7

I'm running archlinux on my thinkpad x1 carbon 5th gen which has some extra keys. These keys currently do nothing and I'd like to remap them.

Firstly, I tried getting their keycodes via xev but they weren't being detected so I found out their keycodes via evtest.

Here are the results:

Event: time 1519668920.038747, type 4 (EV_MSC), code 4 (MSC_SCAN), value 45
Event: time 1519668920.038747, type 1 (EV_KEY), code 364 (KEY_FAVORITES), value 1
Event: time 1519668920.038747, -------------- SYN_REPORT ------------
Event: time 1519668920.038836, type 4 (EV_MSC), code 4 (MSC_SCAN), value 45
Event: time 1519668920.038836, type 1 (EV_KEY), code 364 (KEY_FAVORITES), value 0
Event: time 1519668920.038836, -------------- SYN_REPORT ------------
Event: time 1519668923.198764, type 4 (EV_MSC), code 4 (MSC_SCAN), value 49
Event: time 1519668923.198764, type 1 (EV_KEY), code 374 (KEY_KEYBOARD), value 1
Event: time 1519668923.198764, -------------- SYN_REPORT ------------
Event: time 1519668923.198883, type 4 (EV_MSC), code 4 (MSC_SCAN), value 49
Event: time 1519668923.198883, type 1 (EV_KEY), code 374 (KEY_KEYBOARD), value 0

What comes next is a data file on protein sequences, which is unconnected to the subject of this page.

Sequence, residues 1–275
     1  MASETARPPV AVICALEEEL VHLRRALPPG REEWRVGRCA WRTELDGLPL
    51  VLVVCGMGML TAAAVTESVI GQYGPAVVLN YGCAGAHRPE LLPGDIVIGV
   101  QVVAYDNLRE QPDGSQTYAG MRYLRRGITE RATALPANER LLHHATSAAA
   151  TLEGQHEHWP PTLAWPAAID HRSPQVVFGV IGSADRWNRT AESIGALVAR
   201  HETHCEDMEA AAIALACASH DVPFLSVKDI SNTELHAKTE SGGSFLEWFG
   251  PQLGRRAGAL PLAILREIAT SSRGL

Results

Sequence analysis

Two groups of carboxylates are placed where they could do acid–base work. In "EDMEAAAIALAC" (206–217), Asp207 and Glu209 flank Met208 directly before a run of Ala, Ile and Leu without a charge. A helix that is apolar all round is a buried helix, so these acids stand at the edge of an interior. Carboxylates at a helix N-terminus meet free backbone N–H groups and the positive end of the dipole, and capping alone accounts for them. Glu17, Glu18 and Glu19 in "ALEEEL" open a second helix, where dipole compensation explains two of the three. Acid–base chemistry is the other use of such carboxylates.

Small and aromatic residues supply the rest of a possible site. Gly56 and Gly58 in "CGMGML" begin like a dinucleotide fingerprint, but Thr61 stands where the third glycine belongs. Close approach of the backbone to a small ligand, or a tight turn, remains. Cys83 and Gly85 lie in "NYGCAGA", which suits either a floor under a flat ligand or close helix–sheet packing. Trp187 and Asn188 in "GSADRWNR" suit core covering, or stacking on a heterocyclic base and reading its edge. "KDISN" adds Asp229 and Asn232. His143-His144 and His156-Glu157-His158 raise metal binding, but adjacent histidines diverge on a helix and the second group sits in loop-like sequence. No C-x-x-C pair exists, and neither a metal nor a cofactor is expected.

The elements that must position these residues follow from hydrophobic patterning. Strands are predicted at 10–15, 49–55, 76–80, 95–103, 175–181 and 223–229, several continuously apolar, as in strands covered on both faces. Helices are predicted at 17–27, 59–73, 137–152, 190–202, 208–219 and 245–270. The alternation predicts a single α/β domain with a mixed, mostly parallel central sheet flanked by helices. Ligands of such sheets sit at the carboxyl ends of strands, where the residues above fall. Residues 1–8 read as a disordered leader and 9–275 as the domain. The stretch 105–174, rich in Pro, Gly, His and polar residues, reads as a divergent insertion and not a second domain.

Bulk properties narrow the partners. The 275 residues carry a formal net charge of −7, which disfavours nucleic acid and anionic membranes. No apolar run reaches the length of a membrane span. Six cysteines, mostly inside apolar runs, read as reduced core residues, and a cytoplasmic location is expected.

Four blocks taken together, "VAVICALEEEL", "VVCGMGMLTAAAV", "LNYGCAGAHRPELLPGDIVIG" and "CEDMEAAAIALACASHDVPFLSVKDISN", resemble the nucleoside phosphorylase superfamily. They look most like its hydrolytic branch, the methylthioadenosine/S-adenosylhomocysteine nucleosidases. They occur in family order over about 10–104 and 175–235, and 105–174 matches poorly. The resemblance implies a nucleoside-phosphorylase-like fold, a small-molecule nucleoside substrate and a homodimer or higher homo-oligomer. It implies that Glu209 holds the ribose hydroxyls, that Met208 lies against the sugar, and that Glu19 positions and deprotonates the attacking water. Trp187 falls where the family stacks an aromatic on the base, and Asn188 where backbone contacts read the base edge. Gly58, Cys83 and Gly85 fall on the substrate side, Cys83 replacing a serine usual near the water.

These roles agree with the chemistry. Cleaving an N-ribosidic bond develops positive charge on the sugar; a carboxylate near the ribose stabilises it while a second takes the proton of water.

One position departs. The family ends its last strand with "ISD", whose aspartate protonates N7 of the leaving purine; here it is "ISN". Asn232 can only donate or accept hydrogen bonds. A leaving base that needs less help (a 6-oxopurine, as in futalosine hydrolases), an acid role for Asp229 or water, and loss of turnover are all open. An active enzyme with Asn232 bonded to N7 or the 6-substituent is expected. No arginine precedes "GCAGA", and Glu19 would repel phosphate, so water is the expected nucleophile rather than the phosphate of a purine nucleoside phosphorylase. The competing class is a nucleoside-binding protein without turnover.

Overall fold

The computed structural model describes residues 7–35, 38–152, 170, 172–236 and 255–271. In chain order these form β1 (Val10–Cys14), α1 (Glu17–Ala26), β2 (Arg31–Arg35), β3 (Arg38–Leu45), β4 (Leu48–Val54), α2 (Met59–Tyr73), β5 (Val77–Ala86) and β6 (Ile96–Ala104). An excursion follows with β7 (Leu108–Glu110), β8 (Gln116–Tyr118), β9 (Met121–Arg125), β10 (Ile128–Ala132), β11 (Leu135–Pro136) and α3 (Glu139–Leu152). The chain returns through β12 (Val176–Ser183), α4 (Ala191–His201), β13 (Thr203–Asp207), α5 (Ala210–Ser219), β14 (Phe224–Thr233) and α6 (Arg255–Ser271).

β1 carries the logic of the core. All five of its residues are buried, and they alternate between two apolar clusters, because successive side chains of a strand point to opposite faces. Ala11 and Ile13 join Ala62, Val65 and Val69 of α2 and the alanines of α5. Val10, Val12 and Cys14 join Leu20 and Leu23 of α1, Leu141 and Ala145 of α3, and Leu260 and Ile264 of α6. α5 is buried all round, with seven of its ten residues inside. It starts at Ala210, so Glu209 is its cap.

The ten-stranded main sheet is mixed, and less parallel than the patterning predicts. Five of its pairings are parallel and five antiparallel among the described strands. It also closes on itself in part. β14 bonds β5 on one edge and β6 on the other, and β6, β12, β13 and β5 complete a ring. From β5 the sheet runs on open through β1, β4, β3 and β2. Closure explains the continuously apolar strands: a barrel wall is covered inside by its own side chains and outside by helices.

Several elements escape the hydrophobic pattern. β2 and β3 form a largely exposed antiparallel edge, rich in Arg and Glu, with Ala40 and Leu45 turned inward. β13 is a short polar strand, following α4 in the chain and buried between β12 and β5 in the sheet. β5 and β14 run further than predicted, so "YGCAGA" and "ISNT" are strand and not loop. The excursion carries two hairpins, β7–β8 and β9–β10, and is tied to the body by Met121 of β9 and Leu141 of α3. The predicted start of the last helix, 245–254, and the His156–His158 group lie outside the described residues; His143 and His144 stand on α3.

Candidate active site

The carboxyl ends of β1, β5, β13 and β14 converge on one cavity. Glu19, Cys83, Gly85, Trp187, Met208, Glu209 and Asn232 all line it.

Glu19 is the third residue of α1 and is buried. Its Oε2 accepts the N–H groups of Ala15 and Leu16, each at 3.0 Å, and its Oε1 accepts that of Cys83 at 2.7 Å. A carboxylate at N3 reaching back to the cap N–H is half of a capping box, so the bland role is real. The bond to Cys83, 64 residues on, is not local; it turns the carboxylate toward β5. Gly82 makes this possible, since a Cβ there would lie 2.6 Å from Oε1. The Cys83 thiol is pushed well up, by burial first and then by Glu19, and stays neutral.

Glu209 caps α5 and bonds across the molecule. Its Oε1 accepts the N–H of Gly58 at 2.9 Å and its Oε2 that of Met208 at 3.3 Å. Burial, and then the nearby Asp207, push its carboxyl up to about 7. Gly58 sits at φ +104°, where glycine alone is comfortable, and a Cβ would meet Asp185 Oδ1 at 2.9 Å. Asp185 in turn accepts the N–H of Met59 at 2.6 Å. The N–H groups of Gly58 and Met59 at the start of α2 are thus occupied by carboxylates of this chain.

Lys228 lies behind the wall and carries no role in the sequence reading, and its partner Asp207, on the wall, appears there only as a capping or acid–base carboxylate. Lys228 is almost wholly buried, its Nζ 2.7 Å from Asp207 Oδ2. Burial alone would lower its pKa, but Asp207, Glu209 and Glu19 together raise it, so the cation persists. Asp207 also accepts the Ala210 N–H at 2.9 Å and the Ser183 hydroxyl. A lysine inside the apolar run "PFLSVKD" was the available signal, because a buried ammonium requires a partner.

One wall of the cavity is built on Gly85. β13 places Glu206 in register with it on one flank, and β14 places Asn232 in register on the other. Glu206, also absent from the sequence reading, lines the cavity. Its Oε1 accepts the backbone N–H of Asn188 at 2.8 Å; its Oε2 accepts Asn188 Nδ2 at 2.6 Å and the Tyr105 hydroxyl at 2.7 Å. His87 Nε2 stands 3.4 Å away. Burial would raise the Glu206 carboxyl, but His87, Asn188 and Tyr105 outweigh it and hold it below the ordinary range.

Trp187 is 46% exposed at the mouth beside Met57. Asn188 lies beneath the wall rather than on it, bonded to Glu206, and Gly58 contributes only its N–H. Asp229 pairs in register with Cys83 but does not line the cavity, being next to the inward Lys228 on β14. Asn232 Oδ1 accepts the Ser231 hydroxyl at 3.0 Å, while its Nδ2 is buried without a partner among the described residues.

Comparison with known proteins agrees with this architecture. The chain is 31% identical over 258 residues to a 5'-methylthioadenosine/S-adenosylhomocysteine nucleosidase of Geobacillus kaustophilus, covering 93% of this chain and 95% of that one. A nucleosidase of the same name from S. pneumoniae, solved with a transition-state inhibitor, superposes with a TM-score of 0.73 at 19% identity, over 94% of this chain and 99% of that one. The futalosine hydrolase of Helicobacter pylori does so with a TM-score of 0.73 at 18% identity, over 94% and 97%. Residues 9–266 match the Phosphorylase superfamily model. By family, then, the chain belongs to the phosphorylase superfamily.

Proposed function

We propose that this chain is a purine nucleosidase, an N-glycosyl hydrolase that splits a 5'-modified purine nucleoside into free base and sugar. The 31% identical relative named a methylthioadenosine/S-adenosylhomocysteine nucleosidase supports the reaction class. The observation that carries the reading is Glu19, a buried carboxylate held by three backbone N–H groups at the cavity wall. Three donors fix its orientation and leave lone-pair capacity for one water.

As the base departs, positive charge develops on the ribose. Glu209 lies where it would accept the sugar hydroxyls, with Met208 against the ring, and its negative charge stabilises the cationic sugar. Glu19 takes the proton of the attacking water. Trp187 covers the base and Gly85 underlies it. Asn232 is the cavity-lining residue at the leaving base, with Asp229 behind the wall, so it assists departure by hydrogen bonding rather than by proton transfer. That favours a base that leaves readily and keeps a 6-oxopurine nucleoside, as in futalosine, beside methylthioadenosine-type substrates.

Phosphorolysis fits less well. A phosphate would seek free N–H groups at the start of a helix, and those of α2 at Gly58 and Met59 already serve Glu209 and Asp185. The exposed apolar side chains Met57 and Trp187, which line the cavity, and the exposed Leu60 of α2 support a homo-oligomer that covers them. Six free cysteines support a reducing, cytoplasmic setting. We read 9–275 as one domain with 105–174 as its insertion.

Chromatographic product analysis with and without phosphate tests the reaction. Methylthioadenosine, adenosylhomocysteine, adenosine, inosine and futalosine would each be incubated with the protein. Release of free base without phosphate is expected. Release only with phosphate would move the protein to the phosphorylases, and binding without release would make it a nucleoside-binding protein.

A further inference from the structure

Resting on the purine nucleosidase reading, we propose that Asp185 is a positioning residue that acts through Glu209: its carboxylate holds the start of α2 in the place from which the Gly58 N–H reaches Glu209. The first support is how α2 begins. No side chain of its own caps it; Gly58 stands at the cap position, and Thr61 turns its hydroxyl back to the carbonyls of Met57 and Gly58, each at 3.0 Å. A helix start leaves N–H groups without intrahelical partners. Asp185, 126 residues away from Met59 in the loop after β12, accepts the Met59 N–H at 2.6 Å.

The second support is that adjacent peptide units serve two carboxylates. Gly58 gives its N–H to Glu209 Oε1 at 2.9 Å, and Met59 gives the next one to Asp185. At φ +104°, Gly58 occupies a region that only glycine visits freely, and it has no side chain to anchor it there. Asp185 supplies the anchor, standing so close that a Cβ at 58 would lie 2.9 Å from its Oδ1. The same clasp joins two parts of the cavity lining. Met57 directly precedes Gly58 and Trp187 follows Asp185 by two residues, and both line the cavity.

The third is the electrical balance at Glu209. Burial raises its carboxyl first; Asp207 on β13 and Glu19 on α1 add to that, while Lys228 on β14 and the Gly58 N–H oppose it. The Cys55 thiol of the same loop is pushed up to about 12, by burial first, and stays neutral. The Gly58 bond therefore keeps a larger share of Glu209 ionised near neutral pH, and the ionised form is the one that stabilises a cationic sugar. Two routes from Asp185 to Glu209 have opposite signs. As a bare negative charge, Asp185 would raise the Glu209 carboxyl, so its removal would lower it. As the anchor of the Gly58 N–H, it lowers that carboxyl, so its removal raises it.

Event: time 1519668923.198883, -------------- SYN_REPORT ------------

So tried mapping them to regular keys using xmodmap. For ex.

keycode 374 = F13 or

keycode 374 = XF86LaunchB

but was unsuccessful. How do I go about this? I have also tried to set the scan codes to keycodes via setkeycoder 45 255 but to no avail.

  • 3
    X11 protocol uses 1 byte so keycodes over 255 are invalid, and xmodmap and setxkbmap can't help you here. maybe remap them with a udev hwdb override? (xkbcommon under Wayland compositors won't have this issue, though any Xwayland clients probably still will.) – quixotic Feb 26 '18 at 20:40
  • 1
    If it is not a usb keyboard you can use setkeycodes but you must renumber it to a value less than 255-8 i.e. 247 because 8 will get added to it for the X11 server. – meuh Feb 27 '18 at 15:18
  • @quixotic I'm using Xorg, can you advise me something to use with it? – Nav Saini Feb 28 '18 at 11:52
  • @meuh yes it's not a USB keyboard, it's the inbuilt keyboard on my laptop. I tried setting the scancode to 247 using setkeycodes 45 247 and then xmodmap -e 'keycode 255 = XF86AudioMute' to test but no success.. – Nav Saini Feb 28 '18 at 11:54
1

The only thing that comes to mind is Gianni Ceccarelli's patched xf86-input-evdev which adds a new xorg configuration option called event_key_remap (details on his page).
I can't test it with an actual keyboard - my laptop keyboard doesn't produce keycodes above 255 - but I've successfully used it in the past to remap buttons on remote controls for mythTV setups.

Your Answer

By clicking “Post Your Answer”, you agree to our terms of service, privacy policy and cookie policy

Not the answer you're looking for? Browse other questions tagged or ask your own question.